Arild Andersen double bass
Paolo Vinaccia drums
Tommy Smith tenor saxophone
Concert recording by ORF, September 29, 2016
at PKS Villa Bad Ischl, Austria
Recording producer: Michael Radanovics
Engineer: Alios Hummer (Radio Österreich 1)
Mixing/mastering: Jan Erik Kongshaug and Arild Andersen
An ECM Production
Release date: March 23, 2018
The swirling, majestic world of bassist Arild Andersen’s trio with drummer Paolo Vinaccia and saxophonist Tommy Smith is difficult to contain, which is probably why it’s best captured in a live recording. On In-House Science, we’re treated a 2016 performance from Austria. Over the course of six Andersen originals, sensations ranging from reflection to full-blown transformation are handled with equal commitment.
What begins as a soft awakening in “Mira,” courtesy of Andersen’s sunlit tone, turns into a blinding sunrise as Smith unleashes a fiery sermon. Toward the end of the tune, a hint of uplift dies as quickly as it’s born: a signal, perhaps, to remind us that getting inside the heads of listeners is far more vital than making them nod in agreement. That being said, there’s something about the way in which these three powerful characters merge so democratically from the fog of egotistical possibilities. They follow as much as lead, take in as much as elicit, and fall into loose interpretation as much as strict. That they’re able to triangulate them so selflessly all is not only remarkable; it’s downright laboratorial. Hence the album’s title, which is split between two tracks that, together, encapsulate Andersen’s powerful ethos while also expanding its parameters. In “Science,” he and Vinaccia connect to form a Möbius strip of sonic fuse, while Smith traces its endless spark more thrillingly than the possibility of any explosion. The passionate degaussing that follows from Andersen is an album highlight, as much the exhalation to Vinaccia’s inhalation as the other way around. And while “In-House” builds on similar principles, its fluency is deepened by Smith’s growling ruptures of translation. Again, bassist and drummer turn the spotlight inside out, making sure that every particle is given a voice. This is art that fulfills the promise in compromise.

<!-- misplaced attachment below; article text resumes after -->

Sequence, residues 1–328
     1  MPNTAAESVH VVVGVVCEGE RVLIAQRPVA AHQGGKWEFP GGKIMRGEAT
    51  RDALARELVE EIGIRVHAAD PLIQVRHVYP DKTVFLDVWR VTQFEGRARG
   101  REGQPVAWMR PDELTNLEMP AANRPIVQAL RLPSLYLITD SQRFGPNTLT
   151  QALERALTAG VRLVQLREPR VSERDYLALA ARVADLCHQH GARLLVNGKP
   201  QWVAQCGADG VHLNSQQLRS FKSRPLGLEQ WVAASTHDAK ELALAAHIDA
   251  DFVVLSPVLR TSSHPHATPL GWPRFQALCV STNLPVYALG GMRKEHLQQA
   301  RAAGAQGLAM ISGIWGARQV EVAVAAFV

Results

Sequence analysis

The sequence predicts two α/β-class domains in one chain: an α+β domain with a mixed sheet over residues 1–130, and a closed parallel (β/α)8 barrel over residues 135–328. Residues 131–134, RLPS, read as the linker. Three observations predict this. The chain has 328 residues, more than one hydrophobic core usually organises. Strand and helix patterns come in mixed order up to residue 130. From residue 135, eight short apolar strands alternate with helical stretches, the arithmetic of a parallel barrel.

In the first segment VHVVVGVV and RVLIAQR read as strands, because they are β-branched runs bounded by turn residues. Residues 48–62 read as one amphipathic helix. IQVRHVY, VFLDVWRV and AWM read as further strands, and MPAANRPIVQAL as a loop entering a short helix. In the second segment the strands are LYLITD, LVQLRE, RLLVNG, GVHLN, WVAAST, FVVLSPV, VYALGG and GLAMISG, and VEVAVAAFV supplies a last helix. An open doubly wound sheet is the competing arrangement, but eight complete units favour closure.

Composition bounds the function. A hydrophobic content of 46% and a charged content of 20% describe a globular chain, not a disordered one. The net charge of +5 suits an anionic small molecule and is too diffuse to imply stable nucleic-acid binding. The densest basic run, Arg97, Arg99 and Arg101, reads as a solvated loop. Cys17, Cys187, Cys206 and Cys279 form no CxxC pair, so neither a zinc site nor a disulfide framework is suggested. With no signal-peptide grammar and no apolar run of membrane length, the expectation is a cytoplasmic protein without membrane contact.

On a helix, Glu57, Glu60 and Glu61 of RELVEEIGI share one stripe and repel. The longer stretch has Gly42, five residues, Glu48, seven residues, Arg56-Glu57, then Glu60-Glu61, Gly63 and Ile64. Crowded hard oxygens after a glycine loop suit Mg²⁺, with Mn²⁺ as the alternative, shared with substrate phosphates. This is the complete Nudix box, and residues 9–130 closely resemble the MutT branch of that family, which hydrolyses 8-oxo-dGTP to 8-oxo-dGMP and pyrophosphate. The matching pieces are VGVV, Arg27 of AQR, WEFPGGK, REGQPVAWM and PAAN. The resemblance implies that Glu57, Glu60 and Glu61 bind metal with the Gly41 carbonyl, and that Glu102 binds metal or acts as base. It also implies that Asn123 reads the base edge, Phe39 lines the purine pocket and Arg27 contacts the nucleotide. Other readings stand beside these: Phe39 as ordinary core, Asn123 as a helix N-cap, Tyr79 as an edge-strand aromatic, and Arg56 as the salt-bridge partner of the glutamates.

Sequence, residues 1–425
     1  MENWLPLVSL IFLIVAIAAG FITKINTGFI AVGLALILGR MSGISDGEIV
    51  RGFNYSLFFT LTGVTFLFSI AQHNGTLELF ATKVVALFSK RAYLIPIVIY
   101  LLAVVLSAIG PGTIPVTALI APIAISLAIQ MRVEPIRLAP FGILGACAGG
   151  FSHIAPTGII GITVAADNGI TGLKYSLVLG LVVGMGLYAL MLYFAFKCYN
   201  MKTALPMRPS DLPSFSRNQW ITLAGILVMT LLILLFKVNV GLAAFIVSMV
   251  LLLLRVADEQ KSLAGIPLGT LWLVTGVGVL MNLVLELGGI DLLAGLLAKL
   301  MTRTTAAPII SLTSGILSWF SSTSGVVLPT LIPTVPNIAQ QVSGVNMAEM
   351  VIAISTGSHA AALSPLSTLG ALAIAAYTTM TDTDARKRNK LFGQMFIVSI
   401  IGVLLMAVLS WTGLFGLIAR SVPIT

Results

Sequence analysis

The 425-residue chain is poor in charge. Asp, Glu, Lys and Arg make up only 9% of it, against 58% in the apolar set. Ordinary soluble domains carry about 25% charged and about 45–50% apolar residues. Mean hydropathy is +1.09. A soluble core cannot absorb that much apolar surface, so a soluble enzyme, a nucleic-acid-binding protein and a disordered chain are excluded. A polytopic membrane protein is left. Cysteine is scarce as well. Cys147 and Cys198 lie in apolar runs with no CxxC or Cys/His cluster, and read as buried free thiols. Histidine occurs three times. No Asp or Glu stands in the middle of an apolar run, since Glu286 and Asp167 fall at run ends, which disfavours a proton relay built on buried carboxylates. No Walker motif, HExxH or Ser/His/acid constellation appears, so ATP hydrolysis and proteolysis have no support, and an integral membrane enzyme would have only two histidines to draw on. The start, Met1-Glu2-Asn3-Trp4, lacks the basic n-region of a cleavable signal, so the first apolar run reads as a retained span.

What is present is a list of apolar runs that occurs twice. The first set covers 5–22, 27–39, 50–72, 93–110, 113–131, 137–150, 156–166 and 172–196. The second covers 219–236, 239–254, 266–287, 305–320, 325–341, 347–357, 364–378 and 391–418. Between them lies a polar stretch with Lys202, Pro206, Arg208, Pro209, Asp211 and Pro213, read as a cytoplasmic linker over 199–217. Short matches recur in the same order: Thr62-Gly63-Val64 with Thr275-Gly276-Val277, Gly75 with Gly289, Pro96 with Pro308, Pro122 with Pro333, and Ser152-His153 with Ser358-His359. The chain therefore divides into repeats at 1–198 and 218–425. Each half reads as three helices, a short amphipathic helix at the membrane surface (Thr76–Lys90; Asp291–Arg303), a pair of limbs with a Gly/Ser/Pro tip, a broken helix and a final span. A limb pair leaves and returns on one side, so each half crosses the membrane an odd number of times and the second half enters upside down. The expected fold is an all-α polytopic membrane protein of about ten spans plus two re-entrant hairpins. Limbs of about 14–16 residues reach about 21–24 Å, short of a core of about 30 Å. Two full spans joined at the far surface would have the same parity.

Between those two mountainous zones we get the temperate valleys of “Venice,” “North Of The North Wind,” and “Blussy.” The first is a prize fight between antiquity and modernity, Vinaccia mapping every punch and parry with his kit. The second is an ambient turn inward, its electronically sequenced bass telling a love story between land and water, and the ever-changing border of their contact. The last is a modern classic of Andersenian muscle, and gives Smith more than enough fuel to fly his rocket through the stratosphere without ever losing contact with home base.
I was brought to this album by the yesterday’s sad news of Vinaccia’s passing, for which today has been a time of solemn remembrance yet vibrant listening. May he continue to be heard.